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Greece is investment grade again – why it matters to keep it

Greece has achieved an important milestone in its recovery from a painful debt crisis more than a decade ago. After 13 years, Greece regained investment grade in its credit rating from Standard & Poor’s Global Ratings (S&P).

In this blog post, we show why this achievement matters to Greece and markets, how citizens stand to benefit, and why Greece must continue with its reforms to secure its hard-won gains.

Back in 2010, Greece lost its investment grade status and went through three adjustment programmes. The European Financial Stability Facility (EFSF) co-financed the second one with the International Monetary Fund and the European Stability Mechanism (ESM) financed the third one.[1] The macro and fiscal imbalances in the economy and the financial sector’s weaknesses triggered a sovereign debt crisis, cutting Greece’s access to capital markets and putting the Greek people through considerable hardships.

With a combination of financial assistance and the commitment to reform, Greece successfully concluded the third and final financial assistance programme on 20 August 2018. This marked the end of the largest sovereign assistance package in history, comprising three distinct programmes.

The 20 October S&P rating decision was the third upgrade to investment grade for Greece this year, but the first from one of the three largest credit rating agencies.[2]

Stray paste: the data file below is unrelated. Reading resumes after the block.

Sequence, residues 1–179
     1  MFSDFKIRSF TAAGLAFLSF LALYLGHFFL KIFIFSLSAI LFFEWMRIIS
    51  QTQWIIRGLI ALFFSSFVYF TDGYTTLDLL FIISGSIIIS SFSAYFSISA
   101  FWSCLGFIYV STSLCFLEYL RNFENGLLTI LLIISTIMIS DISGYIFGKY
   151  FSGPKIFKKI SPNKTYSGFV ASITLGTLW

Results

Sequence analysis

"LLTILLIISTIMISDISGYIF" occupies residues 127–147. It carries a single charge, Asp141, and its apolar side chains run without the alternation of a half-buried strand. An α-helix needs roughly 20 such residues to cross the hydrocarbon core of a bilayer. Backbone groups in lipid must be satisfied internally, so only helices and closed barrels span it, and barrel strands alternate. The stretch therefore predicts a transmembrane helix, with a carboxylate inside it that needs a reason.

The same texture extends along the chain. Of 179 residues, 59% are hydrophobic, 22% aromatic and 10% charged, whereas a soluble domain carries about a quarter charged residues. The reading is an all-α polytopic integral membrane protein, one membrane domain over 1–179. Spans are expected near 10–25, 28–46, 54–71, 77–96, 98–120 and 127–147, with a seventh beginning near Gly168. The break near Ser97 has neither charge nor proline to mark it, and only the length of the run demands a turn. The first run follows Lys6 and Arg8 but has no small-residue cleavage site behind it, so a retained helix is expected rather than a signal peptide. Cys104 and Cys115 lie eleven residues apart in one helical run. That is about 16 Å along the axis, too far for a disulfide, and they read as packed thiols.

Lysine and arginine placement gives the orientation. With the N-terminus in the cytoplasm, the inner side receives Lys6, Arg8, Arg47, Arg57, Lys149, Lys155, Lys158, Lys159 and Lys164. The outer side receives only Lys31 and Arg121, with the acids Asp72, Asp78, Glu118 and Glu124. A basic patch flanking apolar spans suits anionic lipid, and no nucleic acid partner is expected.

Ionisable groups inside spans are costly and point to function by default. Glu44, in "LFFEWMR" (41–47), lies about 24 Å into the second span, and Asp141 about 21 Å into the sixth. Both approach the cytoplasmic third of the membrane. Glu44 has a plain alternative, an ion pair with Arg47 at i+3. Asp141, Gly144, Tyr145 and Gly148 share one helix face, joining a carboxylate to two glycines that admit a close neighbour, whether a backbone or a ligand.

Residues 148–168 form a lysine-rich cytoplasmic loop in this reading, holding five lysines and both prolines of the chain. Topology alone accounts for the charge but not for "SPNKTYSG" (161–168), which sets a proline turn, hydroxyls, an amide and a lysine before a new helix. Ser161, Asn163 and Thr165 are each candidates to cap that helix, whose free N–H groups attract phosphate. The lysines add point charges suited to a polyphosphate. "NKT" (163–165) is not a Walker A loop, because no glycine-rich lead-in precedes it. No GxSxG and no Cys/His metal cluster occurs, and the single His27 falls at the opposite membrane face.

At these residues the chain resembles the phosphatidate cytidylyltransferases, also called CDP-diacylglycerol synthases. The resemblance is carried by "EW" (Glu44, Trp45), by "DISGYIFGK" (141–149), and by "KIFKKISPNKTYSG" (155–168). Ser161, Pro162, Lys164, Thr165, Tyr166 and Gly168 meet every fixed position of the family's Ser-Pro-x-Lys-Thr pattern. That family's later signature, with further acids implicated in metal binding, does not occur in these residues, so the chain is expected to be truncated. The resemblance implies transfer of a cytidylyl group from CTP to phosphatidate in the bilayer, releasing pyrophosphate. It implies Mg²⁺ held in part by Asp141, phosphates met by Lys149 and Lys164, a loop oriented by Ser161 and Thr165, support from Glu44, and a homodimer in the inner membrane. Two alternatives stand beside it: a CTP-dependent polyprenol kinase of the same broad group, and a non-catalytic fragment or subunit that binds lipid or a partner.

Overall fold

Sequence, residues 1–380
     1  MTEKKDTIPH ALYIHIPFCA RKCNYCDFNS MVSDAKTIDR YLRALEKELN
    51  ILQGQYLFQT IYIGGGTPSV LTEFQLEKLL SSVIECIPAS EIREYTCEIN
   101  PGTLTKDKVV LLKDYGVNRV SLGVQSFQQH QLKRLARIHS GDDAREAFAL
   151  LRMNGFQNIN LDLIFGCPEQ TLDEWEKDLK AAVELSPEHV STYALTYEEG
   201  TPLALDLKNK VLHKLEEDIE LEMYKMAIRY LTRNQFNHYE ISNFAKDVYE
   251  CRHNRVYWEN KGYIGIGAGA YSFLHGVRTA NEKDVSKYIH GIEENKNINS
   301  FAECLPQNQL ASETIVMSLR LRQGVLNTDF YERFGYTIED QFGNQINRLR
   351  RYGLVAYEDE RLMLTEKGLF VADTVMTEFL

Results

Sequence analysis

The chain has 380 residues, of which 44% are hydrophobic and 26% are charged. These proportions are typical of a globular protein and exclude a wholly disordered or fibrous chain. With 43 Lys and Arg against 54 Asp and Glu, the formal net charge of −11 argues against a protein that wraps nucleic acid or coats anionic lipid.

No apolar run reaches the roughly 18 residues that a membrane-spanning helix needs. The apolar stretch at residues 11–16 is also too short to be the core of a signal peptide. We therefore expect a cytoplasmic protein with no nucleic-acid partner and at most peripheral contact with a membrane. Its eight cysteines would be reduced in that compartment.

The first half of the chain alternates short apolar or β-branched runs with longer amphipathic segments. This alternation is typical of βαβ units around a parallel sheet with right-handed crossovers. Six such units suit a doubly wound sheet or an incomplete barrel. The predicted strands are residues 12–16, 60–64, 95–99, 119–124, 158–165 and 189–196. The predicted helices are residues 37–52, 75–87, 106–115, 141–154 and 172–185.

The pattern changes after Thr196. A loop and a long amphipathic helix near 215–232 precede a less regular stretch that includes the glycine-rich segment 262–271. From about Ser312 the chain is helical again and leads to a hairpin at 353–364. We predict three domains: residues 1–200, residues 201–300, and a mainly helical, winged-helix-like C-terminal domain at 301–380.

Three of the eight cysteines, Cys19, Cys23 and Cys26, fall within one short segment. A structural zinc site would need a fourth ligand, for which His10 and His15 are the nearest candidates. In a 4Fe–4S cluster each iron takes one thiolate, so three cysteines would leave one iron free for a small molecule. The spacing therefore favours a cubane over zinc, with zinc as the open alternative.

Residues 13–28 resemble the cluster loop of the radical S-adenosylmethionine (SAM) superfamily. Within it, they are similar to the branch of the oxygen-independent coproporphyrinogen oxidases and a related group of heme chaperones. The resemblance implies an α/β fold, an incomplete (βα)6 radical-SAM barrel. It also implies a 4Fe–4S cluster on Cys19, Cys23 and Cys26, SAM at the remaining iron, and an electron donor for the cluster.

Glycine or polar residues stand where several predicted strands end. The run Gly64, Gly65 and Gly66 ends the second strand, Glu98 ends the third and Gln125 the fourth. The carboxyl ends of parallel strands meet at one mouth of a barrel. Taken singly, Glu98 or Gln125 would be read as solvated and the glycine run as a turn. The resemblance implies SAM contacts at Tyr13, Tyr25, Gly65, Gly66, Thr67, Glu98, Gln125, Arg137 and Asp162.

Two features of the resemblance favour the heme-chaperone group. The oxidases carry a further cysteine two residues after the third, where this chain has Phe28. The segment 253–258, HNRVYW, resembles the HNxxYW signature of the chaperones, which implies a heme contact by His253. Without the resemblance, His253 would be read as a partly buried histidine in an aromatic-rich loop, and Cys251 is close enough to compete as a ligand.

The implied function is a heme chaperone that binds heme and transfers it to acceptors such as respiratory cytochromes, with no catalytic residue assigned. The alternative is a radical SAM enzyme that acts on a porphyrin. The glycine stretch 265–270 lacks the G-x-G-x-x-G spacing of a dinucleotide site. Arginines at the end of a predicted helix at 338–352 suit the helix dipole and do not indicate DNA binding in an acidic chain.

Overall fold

What Greece did to win back investment grade

The return to investment grade is an important step recognising Greece’s prudent fiscal policies and its efforts to modernise the country through the implementation of a determined and challenging package of reforms. These reforms were launched with the introduction of the EFSF/ESM financial support programmes, and their scope covered, among others, public administration, the judicial system, as well as the restructuring of its banking sector and the reduction of non-performing loans.

In the last few years, the country’s fiscal and economic performance exceeded expectations, surpassing most of its euro area peers.

The completion of the banks’ restructuring and the implementation of an important reform package designed under the last ESM programme, as well as the EU Recovery and Resilience Plan (RRP) and the investments launched under the RRP, led to stronger economic growth and to accelerated debt reduction.

The ESM supported Greece along the way by financing it at AAA – the highest investment grade level available – funding costs, considerably below the market rate for 10-year Greek bonds, which peaked at 30% at the height of the crisis.

This financial lifeline gave the country time to make the necessary adjustments and lay the foundations for future growth. The ESM secured low and hedged interest rates for the coming decades thanks to the favourable debt structure provided by the ESM debt, with the first instalment to be paid back only in 2034 and a final maturity by 2060.[3]

Keeping investment grade